Plus the ancient cities of Pompeii and Herculanaeum, and centuries-old hilltop towns
09/01/1995 - 09/14/1995 80 °F
Gorgeous Positano on the incredible Amalfi Coast
I don't think I'd be able to go back and write a travelog for this trip, which I took more than 15 years ago. It was my only solo trip to Italy, so far, but I think it was probably my favorite. I flew into Rome, then took a train to Naples, and the local Circumvesuvia (named after Mt. Vesuvius, which looms over the countryside) line to Sorrento. There, I rented a moped and spent a week exploring the south of Italy. I made it all the way south down to Metapontum -- the sole of the "boot" of Italy. I took lots of wonderful photos, some of which I have scanned and uploaded onto this page.
Street scene in Pompeii - one of the most interesting ancient cities in the world to visit
One of the main reason I came to Southern Italy was to visit Pompeii and Herculanaeum -- two Roman cities that were destroyed when Mt. Vesuvius erupted. Sorrento is a great place to base yourself out of to visit them (and the Amalfi coast, below). It is a pleasant, tourist-friendly town with seaside views and plenty of nice hotels.
The Theater in Pompeii
A Roman villa excavated in Pompeii
Pompeii's arena, or Colosseum
===The Amalfi Coast===
In my opinion, this is the most beautiful coastline in the world. The road clings to dramatic hillsides whose cliffs sometimes dive deep down into the blue-green sea. Coastal towns seem to rise up from the sea like multi-colored wedding cakes. Castles and forts guard the rocky coastline. It seems impossible to drive without stopping every mile or so to admire the breath-taking views and drink in the amazing panorama of land, sea and town. Exploring its sights on a scooter was a perfect way to do it. It was easy to pull over and take pictures whenever something caught my eye -- which as every 50 yards or so!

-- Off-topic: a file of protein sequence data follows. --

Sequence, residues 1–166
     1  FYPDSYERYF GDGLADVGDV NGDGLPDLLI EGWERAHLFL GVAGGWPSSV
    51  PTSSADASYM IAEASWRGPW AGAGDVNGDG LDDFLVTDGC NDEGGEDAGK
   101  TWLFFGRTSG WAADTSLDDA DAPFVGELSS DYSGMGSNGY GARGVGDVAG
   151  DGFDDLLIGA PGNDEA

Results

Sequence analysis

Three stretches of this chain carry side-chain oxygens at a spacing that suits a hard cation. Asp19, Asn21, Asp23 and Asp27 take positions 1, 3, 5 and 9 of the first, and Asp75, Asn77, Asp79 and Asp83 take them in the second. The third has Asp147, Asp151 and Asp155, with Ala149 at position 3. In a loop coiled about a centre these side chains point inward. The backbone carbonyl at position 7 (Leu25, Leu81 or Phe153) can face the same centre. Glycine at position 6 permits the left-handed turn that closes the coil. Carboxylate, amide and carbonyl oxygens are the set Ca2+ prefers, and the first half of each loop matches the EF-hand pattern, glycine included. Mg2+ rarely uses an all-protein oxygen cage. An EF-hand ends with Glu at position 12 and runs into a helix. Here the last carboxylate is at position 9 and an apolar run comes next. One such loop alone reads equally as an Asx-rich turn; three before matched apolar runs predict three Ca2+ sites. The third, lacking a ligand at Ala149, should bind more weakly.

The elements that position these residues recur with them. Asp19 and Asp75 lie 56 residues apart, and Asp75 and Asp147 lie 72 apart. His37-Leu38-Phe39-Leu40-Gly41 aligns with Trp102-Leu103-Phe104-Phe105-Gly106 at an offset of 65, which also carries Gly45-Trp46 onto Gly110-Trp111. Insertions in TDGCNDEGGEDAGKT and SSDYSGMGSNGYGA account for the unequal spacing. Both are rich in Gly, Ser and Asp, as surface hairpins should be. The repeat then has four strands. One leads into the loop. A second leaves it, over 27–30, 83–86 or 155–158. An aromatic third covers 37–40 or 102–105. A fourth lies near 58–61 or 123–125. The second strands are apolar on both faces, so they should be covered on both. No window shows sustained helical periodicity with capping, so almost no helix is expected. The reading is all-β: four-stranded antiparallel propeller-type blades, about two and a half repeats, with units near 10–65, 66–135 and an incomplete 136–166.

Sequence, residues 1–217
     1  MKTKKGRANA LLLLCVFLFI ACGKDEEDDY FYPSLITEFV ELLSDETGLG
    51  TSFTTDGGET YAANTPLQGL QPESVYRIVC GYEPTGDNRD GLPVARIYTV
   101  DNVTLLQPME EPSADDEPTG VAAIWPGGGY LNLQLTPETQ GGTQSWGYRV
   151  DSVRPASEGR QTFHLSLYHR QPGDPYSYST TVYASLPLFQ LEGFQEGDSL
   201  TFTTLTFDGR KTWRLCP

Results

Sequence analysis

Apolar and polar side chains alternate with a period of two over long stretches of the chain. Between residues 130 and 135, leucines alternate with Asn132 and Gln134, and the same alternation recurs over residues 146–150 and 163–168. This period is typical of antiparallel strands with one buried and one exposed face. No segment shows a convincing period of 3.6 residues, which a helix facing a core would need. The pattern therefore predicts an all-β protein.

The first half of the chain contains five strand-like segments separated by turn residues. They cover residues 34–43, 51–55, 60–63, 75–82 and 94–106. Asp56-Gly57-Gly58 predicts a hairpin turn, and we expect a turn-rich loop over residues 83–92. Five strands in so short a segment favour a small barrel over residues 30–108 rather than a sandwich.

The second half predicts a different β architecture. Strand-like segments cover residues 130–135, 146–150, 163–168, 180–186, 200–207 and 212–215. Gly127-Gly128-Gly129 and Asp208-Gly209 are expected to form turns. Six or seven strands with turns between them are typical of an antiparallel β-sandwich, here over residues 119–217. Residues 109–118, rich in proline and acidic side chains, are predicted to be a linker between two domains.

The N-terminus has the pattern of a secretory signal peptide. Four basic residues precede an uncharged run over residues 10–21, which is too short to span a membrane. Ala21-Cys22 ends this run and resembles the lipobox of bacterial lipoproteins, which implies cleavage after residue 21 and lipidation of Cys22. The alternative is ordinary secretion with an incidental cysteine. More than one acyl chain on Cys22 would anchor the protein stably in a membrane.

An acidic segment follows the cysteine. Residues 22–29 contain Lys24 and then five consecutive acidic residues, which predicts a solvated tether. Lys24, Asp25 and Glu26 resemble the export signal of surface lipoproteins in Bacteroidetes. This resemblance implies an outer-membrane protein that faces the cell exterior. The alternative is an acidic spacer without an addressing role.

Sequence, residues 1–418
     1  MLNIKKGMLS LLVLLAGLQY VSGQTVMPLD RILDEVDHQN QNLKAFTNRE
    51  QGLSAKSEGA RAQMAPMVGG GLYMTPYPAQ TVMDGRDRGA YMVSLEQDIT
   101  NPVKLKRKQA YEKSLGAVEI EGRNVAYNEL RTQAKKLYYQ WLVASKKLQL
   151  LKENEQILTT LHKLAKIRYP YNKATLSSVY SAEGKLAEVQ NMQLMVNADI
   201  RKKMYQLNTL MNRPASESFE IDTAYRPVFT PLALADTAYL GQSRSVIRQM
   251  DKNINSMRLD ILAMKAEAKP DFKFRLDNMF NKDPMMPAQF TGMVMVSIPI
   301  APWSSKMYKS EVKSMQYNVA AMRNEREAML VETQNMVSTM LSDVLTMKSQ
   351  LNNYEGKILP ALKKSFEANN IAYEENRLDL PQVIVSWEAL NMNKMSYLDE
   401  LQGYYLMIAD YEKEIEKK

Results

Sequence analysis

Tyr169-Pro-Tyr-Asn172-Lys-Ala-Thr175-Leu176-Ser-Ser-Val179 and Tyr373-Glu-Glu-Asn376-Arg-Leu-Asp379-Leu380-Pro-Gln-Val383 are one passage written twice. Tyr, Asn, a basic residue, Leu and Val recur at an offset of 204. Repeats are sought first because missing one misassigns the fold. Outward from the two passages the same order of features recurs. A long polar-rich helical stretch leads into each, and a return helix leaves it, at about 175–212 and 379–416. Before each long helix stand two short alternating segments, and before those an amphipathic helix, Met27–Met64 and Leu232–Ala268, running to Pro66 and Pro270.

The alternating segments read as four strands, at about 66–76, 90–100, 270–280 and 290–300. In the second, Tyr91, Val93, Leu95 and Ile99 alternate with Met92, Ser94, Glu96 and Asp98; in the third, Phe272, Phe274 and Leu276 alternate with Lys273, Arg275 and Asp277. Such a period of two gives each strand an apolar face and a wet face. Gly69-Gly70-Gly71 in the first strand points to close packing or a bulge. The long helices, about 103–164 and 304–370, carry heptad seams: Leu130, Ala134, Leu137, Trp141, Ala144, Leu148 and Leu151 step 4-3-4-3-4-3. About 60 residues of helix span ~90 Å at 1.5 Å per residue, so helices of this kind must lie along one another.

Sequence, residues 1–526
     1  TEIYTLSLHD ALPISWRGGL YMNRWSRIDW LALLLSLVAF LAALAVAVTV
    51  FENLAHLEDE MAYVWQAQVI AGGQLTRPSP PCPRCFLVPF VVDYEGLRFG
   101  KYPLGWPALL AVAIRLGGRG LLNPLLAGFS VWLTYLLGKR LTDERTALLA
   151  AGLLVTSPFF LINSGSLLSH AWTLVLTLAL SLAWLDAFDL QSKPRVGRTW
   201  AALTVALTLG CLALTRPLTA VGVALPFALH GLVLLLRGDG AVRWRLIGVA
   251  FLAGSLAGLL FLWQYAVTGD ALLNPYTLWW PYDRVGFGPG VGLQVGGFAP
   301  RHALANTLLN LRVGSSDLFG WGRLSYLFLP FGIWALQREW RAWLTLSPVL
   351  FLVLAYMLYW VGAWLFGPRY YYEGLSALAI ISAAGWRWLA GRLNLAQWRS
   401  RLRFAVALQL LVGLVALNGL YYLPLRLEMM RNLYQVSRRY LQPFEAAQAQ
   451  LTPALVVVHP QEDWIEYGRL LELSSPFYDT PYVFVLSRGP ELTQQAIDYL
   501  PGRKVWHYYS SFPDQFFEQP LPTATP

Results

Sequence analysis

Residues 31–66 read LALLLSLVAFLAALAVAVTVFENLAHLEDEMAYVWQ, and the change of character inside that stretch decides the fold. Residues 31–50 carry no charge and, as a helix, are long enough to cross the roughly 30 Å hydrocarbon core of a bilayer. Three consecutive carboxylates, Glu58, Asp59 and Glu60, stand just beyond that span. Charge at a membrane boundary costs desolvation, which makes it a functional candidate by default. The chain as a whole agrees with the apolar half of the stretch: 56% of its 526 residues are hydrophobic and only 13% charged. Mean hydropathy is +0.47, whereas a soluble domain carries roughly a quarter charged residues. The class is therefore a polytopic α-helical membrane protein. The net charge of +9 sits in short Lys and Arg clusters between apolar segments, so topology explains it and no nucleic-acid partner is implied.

Approaching Positano along the road clinging to the cliffside of this gorgeous coastline
Rocky beaches, tiny towns, medieval fortifications and the blue, blue sea are all part of the scenery, mile after mile
A medieval fortification clings to a rocky point along the coast
Sunset strikes a red hue on the hills bordering this spectacular coast
My last day in Italy, I visited the Roman town of Herculanaeum. Where Pompeii was covered by Mt. Vesuvius' ash, this town was covered by lava flow. It is equally well preserved, if less well known. Wandering its streets was like a dream. So many relics of the ancient days stood there under the hot sun, ready for the visitor to touch or run his hands along. The colors on the murals were vibrant, more than 2,000 years later.
The interior of a Roman villa -- a wealthy noble's country home, with its colorful frescoes and mosaics
I will never forget the striking colors which lay covered by lava for almost 2,000 years
The spout of this fountain seemed to be smoking a cigar with its dry pipe projecting from its mouth
===The Southern Italian Countryside===
Rural, southern Italy is full of photogenic charms, everything from Graeco-Roman ruins (the Greeks colonized Southern Italy before the Roman conquest) to hilltop medieval fortifications to quaint villages basking in the sunshine. The week I spent zooming along the road in a moped was one of the most scenic I'd spent anywhere in the world. Each day, my command of Italian became better and I could converse easier with the welcoming, easygoing inhabitants. When I reached the Mediterranean coast in the far south, I knew I had to turn around. It was a long way back to Sorrento, and my time was running out.
The rugged, hilly countryside of southern Italy is cut by rivers and gorges
Visible from miles away, hilltop temples or monasteries decorate the countryside
An ancient mode of transportation on a modern roadway greets the visitor to Southern Italy
Terra cotta rooftops and a village church spire warmed by the afternoon sun in a Southern Italian town